One hundred days ago, the American Anthropological Association (AAA) censured Israel for its systematic human rights abuses and violations of academic freedom. The lack of any discernible impact since then shows why a boycott of Israeli academic institutions remains the best way for the Association to concretely support justice in Palestine/Israel.
The Association censured Israel after failing to pass a boycott resolution by the narrowest of margins — 39 votes, or less than 1% of ballots cast. The statement of censure did not affect any policies, attract any media attention, or occasion any public discussion within Israel whatsoever. Letters of protest sent from the AAA to the Israeli and US governments failed to elicit substantive replies.
The indifference that greeted the statement of censure contrasts sharply with the enormous anxiety among Israeli elites generated by the mere prospect of an academic boycott, as reflected in high-profile media coverage of the vote and statements from senior government officials characterizing such campaigns as a “strategic threat.” Pro-Israel organizations devoted considerable resources to defeating the AAA boycott.
The record is now clearer than ever: for Israeli officials, boycotts are to be taken seriously, while mere statements of censure are not. Meanwhile, Israeli violations of human rights, attacks on academic freedom, and misuse of archaeology have continued unabated, underscoring the need for more effective action (see our Fact Sheet, “Israel’s Ongoing Violence Against Palestinian Academia”).
Moreover, the Association’s letter of protest to the Israeli government does more harm than good. Addressed to Minister of Education Naftali Bennett, the letter politely conjures the Israeli government’s “respect for, and adherence to, the search for truth and to its commitment to the scholarly pursuit of open inquiry” and implores him to “consider changes in your ministry’s policies and practices” that harm Palestinian rights. Naftali Bennett is a right-wing politician who supports the annexation of much of the West Bank and has launched unprecedented attacks on the funding and curricula of Palestinian schools in Israel. Bennett is so extreme that even prominent opponents of the academic boycott have called upon the US government to freeze his assets and deny him a visa.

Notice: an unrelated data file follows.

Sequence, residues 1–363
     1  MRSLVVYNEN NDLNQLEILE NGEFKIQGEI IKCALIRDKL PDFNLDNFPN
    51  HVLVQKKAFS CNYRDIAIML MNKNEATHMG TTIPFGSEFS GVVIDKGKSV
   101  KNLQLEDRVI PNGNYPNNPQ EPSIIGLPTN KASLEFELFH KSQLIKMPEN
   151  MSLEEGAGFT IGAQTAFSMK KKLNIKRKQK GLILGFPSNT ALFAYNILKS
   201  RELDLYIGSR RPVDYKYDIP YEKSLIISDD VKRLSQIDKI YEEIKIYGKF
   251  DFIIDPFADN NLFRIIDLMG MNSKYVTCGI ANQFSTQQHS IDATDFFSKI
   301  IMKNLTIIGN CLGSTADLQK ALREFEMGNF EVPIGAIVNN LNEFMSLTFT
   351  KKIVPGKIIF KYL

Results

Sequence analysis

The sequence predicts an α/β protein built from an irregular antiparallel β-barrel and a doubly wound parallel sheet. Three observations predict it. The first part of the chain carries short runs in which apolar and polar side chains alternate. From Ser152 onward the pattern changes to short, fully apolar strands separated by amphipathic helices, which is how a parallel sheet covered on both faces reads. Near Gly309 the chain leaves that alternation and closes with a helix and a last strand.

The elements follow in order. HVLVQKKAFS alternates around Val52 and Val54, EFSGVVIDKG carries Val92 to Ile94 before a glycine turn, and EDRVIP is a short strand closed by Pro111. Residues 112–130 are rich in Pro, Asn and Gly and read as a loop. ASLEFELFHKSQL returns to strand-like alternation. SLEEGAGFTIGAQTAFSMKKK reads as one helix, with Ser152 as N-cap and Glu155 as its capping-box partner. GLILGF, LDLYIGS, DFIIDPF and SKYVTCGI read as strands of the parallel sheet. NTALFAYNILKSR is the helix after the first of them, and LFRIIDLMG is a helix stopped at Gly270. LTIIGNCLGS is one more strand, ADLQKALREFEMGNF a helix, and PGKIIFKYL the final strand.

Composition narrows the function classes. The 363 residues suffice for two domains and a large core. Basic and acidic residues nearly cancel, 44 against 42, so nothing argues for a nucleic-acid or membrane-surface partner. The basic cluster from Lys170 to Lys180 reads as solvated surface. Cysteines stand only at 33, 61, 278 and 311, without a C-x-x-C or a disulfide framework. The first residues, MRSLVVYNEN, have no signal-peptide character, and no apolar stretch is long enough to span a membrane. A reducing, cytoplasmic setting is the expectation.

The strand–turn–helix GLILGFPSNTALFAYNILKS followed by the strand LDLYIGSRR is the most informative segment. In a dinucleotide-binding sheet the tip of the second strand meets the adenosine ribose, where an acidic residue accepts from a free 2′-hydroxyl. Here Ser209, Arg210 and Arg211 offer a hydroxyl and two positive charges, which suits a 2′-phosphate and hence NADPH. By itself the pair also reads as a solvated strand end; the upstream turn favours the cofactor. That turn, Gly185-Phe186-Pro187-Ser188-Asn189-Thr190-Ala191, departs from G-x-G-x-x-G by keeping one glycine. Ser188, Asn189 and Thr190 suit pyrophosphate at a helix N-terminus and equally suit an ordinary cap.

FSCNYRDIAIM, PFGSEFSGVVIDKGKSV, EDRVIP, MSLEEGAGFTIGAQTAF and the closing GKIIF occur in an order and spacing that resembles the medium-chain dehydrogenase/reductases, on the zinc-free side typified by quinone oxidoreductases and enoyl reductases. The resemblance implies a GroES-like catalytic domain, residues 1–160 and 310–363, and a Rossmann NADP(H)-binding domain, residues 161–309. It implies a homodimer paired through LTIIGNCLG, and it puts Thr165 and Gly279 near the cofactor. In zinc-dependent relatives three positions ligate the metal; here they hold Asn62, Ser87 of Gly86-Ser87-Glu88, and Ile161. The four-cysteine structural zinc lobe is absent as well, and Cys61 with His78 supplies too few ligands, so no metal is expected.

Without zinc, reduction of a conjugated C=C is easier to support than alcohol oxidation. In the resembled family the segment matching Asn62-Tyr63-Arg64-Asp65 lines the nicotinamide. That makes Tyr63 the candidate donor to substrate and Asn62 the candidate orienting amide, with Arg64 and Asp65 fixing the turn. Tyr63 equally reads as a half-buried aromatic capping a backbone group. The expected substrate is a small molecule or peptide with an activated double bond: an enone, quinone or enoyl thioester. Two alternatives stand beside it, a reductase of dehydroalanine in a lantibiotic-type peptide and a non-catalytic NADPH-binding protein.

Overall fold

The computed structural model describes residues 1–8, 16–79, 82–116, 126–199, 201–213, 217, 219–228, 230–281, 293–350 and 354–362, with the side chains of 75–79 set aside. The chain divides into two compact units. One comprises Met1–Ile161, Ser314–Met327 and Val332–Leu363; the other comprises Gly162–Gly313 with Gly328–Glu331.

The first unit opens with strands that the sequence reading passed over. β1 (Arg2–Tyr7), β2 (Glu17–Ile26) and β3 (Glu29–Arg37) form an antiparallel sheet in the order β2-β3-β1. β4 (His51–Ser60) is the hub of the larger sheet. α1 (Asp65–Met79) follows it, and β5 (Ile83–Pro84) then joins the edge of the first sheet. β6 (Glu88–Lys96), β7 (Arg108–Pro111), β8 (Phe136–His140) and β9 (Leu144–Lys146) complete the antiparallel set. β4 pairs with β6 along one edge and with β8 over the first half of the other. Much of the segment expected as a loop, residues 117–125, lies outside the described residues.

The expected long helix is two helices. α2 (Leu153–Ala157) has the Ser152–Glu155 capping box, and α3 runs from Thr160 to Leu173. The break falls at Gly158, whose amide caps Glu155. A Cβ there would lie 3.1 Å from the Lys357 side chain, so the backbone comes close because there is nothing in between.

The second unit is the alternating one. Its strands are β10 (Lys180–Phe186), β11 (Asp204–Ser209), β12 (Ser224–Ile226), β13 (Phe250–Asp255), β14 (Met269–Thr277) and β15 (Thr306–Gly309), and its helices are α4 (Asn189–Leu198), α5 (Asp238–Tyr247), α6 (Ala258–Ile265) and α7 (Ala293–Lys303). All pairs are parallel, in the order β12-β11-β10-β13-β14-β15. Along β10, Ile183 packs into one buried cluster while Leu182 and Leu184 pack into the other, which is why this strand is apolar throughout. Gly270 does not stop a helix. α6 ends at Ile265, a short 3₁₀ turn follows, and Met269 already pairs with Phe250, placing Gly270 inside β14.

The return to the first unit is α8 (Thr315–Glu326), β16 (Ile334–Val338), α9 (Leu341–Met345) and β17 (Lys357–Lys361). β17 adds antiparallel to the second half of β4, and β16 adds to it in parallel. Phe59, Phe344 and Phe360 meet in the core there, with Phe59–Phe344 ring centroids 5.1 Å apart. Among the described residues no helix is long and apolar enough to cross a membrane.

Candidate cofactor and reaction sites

Appealing to the reasonableness of a state official who is openly committed to subjugating Palestinians only reinforces the idea that governments should not be subject to any kind of pressure beyond politely worded letters, even when they engage in violent attacks on indigenous populations.
Anthropologists for the Boycott of Israeli Academic Institutions remains committed to a boycott of Israeli academic institutions as part of the broader Boycott, Divestment, and Sanctions campaign organized and led by Palestinian civil society. We are heartened by the continued actions of many colleagues within the discipline. The list of anthropologists who have signed our statement endorsing the boycott continues to grow. This includes Ghassan Hage, who, in solidarity with the call from his Palestinian colleagues, declined an invitation from the Israeli Anthropological Association to deliver a keynote address at their annual conference. The number of academic bodies working to oppose the violation of Palestinian human rights is also on the rise. Recognizing Israel’s ongoing abuses of our discipline’s methods, the World Archaeological Congress issued a strong rebuke of Israeli colonization and committed itself to a process of enacting effective policies in opposition to these violations.
At its best, anthropology should demonstrate a commitment to solidarity with indigenous peoples against colonial endeavors. Unfortunately, we still have a long way to go in decolonizing our discipline. Anthropologists for the Boycott of Israeli Academic Institutions will continue to educate and mobilize our colleagues in support of the boycott in the Association and beyond.